On his eighth appearance for his country, the striker experienced a seventh defeat as Scottish hopes of automatic qualification for next summer’s Euro 2020 finals were all but obliterated by Russia.
McBurnie had found himself the centre of attention in the build up to the Group I qualifier at Hampden, courtesy of some Sheffield United club TV footage in which he appeared critical of the Scotland squad environment.
Allied to his £20 million price tag which many observers find difficult to fathom, it placed the 23-year-old under even greater scrutiny as Scotland manager Steve Clarke handed him the responsibility of leading the line.
McBurnie’s wait for his first international goal continues, although no-one can reasonably lay the blame at his door for this latest dispiriting result in Scotland’s long tale of qualifying woes. This was a collective failure by Clarke’s side who were unable to build on John McGinn’s 10th minute opener as Russia hit back to claim a fully deserved victory.
Clarke had spoken before the match of McBurnie’s physicality as a potential asset for the Scots and the Russian defence were quickly aware of his presence.
During the vibrant start from the hosts which reaped McGinn’s early breakthrough, McBurnie did his best to keep the experienced Russian central defensive pairing of Georgi Dzhikiya and Andrei Semenov fully occupied.
He carried a genuine threat at set pieces, narrowly missing out on connecting with a Callum McGregor corner from the right and then causing real anxiety in the Russian rearguard when he got on the end of Ryan Fraser’s kick from the left.
The ball deflected off the outmuscled Dzhikiya into the path of Stephen O’Donnell who struck Guilherme’s right hand post from close range.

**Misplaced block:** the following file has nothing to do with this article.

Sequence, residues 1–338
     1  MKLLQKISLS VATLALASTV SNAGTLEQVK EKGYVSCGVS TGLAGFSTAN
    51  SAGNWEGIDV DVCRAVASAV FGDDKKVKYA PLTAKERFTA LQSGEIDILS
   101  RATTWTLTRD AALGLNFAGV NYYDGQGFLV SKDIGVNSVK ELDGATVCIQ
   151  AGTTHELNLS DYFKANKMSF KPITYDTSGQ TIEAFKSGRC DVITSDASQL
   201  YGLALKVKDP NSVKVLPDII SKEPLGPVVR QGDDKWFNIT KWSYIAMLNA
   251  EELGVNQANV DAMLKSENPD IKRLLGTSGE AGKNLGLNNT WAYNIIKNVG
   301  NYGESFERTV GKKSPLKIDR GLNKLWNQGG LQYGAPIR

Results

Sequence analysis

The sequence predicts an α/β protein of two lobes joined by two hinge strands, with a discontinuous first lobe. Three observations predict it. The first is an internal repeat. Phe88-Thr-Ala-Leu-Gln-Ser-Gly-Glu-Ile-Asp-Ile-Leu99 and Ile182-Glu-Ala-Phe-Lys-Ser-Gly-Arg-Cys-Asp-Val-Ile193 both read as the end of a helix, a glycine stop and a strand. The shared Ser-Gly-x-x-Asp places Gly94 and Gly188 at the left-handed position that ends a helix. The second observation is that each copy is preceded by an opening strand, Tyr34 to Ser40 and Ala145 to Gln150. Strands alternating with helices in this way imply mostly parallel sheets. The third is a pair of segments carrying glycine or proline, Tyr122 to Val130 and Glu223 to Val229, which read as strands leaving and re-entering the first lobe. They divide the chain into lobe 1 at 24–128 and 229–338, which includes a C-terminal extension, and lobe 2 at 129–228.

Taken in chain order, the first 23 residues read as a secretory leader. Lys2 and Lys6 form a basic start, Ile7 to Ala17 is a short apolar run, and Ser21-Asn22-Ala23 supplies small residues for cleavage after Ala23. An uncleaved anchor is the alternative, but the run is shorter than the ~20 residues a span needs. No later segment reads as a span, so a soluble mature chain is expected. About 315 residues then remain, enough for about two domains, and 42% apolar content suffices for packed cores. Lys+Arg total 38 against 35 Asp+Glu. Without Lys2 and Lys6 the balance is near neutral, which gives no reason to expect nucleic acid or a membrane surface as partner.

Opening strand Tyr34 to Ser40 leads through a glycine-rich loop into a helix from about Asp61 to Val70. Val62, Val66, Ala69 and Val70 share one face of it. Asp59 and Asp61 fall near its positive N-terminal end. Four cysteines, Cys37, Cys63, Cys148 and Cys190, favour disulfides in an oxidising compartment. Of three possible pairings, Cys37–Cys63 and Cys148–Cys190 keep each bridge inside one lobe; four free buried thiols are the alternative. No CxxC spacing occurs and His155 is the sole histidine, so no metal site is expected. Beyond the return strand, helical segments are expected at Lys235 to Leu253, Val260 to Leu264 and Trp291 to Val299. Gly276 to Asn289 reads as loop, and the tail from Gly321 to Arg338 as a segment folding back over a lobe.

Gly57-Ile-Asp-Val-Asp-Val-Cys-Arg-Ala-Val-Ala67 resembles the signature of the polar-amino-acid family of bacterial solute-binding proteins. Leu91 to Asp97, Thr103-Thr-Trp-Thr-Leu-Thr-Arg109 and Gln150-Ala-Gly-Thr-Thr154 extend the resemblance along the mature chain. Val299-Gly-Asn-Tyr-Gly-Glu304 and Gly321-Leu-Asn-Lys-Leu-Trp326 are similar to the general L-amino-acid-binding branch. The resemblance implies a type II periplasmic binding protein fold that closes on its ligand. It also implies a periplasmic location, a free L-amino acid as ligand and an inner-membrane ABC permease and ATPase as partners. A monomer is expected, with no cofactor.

The Russian goalkeeper looked nervy during this spell and he was truly spooked by McBurnie when Scotland went ahead. A terrific cross from Fraser saw McBurnie provide nuisance value again, prompting Guilherme to knock the ball uncertainly into the path of McGinn who drove it home from six yards.
McBurnie’s hold-up play was as good as Clarke could have hoped but unfortunately it was not always matched by the quality of ball retention from those supporting the striker from midfield.
As a consequence, the hosts found themselves dropping ever deeper as the Russians started to impose themselves on the contest. With McBurnie becoming increasingly isolated, he could only look on in frustration when Russia equalised five minutes before half-time with a clinical strike from Artem Dzyuba which had been on the cards for some time.
The interval came as a relief for Scotland but there was to be no respite after the break. Never mind McBurnie, it would scarcely have made a difference if Denis Law in his prime was up front for the hosts, given how seldom they were now able to work the ball into their attacking third.
Pressing with intensity and a level of technique Scotland struggled to live with, Russia could sense all three points were there for the taking and it was no surprise when Yuri Zhirkov duly forced the own goal from O’Donnell which put them in front just before the hour mark.
But for some heroics from David Marshall, Russia would have out of sight long before the end of the night. The goalkeeper’s contribution allowed Scotland to hold onto hope of salvaging something and the introduction of Ryan Christie - a curious omission from the starting line-up - did increase their threat level.
The in-form Celtic man offered an improved level of support for McBurnie, playing just behind him, and managed to force Guilherme back into action with a snapshot smartly held by the ‘keeper.
Clarke had little option but to go for broke and Matt Phillips entered the fray for the closing stages, joining McBurnie up front.
To his credit, McBurnie stuck at it and some good play almost created an 85th minute equaliser for McGregor whose shot was blocked. The striker was left with that sinking feeling in a Scotland shirt yet again.